I would be more than happy to cohabit a world with religionists if they were all like him.

Tue, 07 Aug 2007 23:48:00 UTC | #58758

Go to: Aiming for knockout blow in god wars

Aussie's Avatar Jump to comment 14 by Aussie

Yes Richard come to Oz and see Robyn Williams again and meet the rest of us.

Although you are not needed here as desperately as in some other countries that will remain nameless we would love to see you again nonetheless.

I am looking forward to seeing Part II of TROAE tonight even though I have seen it before. Great that it is raising some controversy here in apathetic old Oz.

Sat, 26 May 2007 23:24:00 UTC | #42411

Go to: Prayer can improve physical health

Aussie's Avatar Jump to comment 46 by Aussie

My old University.

I thought that we had better standards than that.

Wed, 23 May 2007 05:17:00 UTC | #41207

Go to: The Cyclic Universe: A Talk With Neil Turok

Aussie's Avatar Jump to comment 2 by Aussie


Fri, 18 May 2007 01:45:00 UTC | #39535

Go to: Global Warming (includes commentary about creationism)

Aussie's Avatar Jump to comment 101 by Aussie

If people wish to play amongst the garbage of junkist websites with the intellectual fringe-dwellers of our society then they are free to do so. But if they bring home this rubbish and expect to be able to sell it to an increasingly discerning population then they are engaging in an activity that will prove as futile as that conducted by the flat-earth enthusiasts of the nineteenth century.

If anyone has new data, or interpretations of new or existing data that is at variance with that accepted by an overwhelming consensus of the world's leading scientists then by all means they should submit it to a respectable journal for peer-review and possible publication – as everybody else must do.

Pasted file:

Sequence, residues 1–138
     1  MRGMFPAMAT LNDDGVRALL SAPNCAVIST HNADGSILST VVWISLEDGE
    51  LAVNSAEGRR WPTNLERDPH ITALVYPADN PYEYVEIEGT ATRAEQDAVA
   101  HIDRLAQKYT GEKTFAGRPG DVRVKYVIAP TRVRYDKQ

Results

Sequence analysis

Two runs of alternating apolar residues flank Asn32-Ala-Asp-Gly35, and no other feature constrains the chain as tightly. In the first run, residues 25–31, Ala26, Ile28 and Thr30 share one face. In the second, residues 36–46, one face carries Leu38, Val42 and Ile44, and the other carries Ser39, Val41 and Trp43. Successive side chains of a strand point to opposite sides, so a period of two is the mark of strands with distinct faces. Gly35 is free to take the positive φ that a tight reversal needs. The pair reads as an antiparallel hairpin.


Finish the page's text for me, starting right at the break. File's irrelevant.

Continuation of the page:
Bleating soviet-style slogans from the sidelines from within junkist websites bunkers, attempting to discredit robust scientific findings by smearing the characters of most of the world's scientific community and invoking grand global conspiracies amongst fiercely competing researchers is both delusional and futile.

Thu, 17 May 2007 16:54:00 UTC | #39411

Go to: Faith-Based Fraud

Aussie's Avatar Jump to comment 11 by Aussie

Could not atheists award the title "Reverend" to their own and hence compete on an equal footing:

Archbishop Dawkins

Rabbi Harris

Pastor Dennett

Reverend Hitchens

Intense respect would then be due to such holy men.

Thu, 17 May 2007 16:48:00 UTC | #39410

Go to: The Creation Museum: Prepare to believe

Aussie's Avatar Jump to comment 71 by Aussie

The $1000 Lifetime Membership seems the best value and the smart way to go.

Crap like this will be much more effective than terrorism at undermining the foundations of American supremacy.

Wed, 16 May 2007 04:14:00 UTC | #38701

Go to: Global Warming (includes commentary about creationism)

Aussie's Avatar Jump to comment 28 by Aussie